Former NFL practice-squadder and potential virgin Colton is in a tough spot. One of our possible season MVPs has another issue outside of his lack of sexual prowess and Not Being Here for the Right Reasons: He dated former Bachelor contestant and Becca’s good friend Tia right before coming on the show, and apparently somehow we’re supposed to think Becca didn’t know? Colton has an uncanny quality of grinning through even the most upsetting news, and saying things like, “We could go make chicken-noodle soup and I’d be ecstatic,” or “Becca looks amazing but she smells even better. I don’t know, it’s weird to say but she had a good smell about her.”
Anyway, Colton admits to Becca that he “had a weekend” with Tia. Becca looks mad, or is a good actress. He tries to assure Becca that he didn’t come into this hoping the Bachelorette would be Tia, but given how early they cast these shows, and that he “had a weekend” with Tia, that’s hard to buy. He’s also wearing a horribly checked suit as he apologizes for having trouble articulating his feelings to Becca. “Relationships are based on honesty and trust and you will never have that doubt with me,” he tells Becca, though privately (to the camera and to all of us) he admits he’s concerned about their potential success as a couple, as “all of my conversations have included another woman’s name.”
“I’m just hoping she can look past...my past,” Colton concludes.
Meanwhile, Stone Cold Clay is as nice and boring as ever. “I definitely hope I’m on that first date card,” the NFL player tells the camera. “I’m trying not to overstep boundaries or make anyone mad, but I’m here for you,” he tells Becca. “I think it was unnecessary for Lincoln to put the picture on the table...but there’s definitely better ways to handle it,” he says of Connor’s actions. “There’s obviously some pressure tonight because Becca’s been through a lot this week,” he tells the camera, before explaining that he wants to show Becca he knows how to have a good time. Finally, the former tight end gets to what he’s (sort of) good at: slinging the pigskin out in the front of this mansion a family moves out of multiple times a year for multiple thousands of dollars. “Me and my teammates, we bump our helmets together,” Clay explains, before doing this dance and somehow getting a kiss out of it:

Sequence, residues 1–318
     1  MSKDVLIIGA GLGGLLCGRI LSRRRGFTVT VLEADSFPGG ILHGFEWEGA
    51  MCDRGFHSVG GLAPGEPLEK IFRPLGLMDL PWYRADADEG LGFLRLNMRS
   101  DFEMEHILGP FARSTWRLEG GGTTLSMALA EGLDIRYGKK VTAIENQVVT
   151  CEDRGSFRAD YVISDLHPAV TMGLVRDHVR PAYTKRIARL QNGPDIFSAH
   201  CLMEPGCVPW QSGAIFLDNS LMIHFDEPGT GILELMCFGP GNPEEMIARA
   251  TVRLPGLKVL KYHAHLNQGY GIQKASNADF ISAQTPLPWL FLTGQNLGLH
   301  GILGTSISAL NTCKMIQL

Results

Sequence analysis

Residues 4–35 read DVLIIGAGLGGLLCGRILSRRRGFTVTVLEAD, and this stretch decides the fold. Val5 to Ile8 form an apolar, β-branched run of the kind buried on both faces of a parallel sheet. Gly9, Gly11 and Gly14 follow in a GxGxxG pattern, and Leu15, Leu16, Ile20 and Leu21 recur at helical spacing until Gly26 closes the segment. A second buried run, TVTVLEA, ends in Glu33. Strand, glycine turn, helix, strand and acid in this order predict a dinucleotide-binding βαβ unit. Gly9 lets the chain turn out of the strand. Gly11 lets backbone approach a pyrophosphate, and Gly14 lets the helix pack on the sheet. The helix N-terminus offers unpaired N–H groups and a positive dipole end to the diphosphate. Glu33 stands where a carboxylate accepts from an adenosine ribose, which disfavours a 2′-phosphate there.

Probably the most interesting thing Clay did was during the obstacle court date, when he said he had “to protect the valuables, keep them warm and dryish” and the valuables he meant were his balls.
Lastly, Sports Analyst Mike did not get a date—not even a group date—but somehow got a rose, keeping him in the running for next week.
FINALLY, we get to a place worthy of the superlatives Chris Harrison throws out every episode of every season. Lil Jon inexplicably shows up for Becca’s one-on-one date with Large-Toothed Blake—who takes it back to the days of Robin Hood and pronounces his name “Little John”—and DJs as she and Blake take a baseball bat to alleged mementos of her past relationship with Arie. This is the best and most head-scratching date I’ve ever seen on this show. The producer who came up with it deserves a raise, as well as the agent who green-lit Lil Jon, and I am not speaking in Chris Harrisons. This is The Truth, just like when Becca said, “I wouldn’t say I’m an aggressively physical person” and then beat up a perfectly good television.